Once the feature is over, it goes back to the studio where Sir Stig Americana takes the keys to a Dodge Viper ACR and does a great lap around an equally impressive Top Gear test track. It’s nowhere near the same as Top Gear UK’s, but it’s equally as difficult, if not more.

Unfortunately, the lead in for The Stig isn’t the same as in the UK original, but something that is new and really cool is how he’s displayed in the studio. You know the tall banner that drapes down from the hanger ceiling in Top Gear UK? Well instead of a giant picture, it’s now a giant, long video screen that shows Stiggie in different stances. So it’s not dull, it is now very 3Dish.

After The Stig wrings the ACR out, it’s time to welcome “Big Star, Small Car”. That’s our version of “Star in a Reasonably Priced Car.” Only, we get a Suzuki SX4… The first star is Buzz Aldrin, the second man to ever walk on the Moon. So already it’s the same as Top Gear UK, only slightly different.

After Mr. Aldrin shows us what he can do in a small, affordable, hunk of junk family car, it’s on to bigger and better things: three grown men in three grown-up Lamborghinis trying to outdo one another. Each host takes a new Lambo and goes down the long stretch of an airfield to see how fast they can go. All I can say is, I’m so glad there are bleeps and not full-on language edits. Ahh, the joys of being on cable. Try and get NBC to do that… not gonna happen.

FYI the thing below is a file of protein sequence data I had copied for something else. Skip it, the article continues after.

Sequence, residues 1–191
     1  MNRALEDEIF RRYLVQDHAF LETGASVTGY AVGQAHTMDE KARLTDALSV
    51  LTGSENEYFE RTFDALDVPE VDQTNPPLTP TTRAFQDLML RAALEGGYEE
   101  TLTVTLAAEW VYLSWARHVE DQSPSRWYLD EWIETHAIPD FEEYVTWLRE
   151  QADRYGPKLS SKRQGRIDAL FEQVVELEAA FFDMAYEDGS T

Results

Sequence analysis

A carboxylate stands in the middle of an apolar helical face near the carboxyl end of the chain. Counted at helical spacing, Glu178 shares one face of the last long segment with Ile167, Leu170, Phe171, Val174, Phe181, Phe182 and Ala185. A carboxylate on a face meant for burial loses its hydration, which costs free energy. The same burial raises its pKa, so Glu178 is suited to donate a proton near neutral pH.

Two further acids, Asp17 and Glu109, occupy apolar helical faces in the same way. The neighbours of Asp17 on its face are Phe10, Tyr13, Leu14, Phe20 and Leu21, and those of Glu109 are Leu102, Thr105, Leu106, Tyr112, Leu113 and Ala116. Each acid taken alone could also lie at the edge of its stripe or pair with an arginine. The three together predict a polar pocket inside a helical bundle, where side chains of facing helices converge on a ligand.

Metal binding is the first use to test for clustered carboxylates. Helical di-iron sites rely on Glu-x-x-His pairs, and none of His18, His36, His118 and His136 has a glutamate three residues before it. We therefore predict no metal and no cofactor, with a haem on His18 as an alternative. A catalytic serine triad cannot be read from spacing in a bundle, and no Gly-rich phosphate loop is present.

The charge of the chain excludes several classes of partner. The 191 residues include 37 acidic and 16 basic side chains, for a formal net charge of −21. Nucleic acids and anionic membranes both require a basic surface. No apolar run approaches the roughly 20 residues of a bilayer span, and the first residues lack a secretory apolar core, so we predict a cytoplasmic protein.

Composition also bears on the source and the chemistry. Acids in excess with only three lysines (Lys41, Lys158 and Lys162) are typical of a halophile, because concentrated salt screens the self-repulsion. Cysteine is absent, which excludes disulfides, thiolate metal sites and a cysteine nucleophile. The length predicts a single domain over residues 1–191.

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I won’t tell you how fast the guys go, nor which cars they pick. All I will say is that the cars for them to choose from are the LP550-2 Valentino Balboni, LP670-4 SV and the LP570-4 Superleggera. And just because you’re wondering, yes Stig takes them around the track. I won’t reveal any lap times, because you should either watch the show, or set your DVR to watch it later.

Episode 2 features Tanner Foust racing some skiers down a mountain while driving a Mitsubishi Lancer Evolution on the road and in the snow. The only problem is, it seems too scripted and a take off of older Top Gear episodes. It’s still good fun, though, for American fans who haven’t seen as many original episodes as I have. And in the screening I saw in Las Vegas, the kids (they were adults, but they laughed and chattered like school children) behind me couldn’t stop ooing and ahhing, as well as laughing. They loved it. So that’s a win for Top Gear US.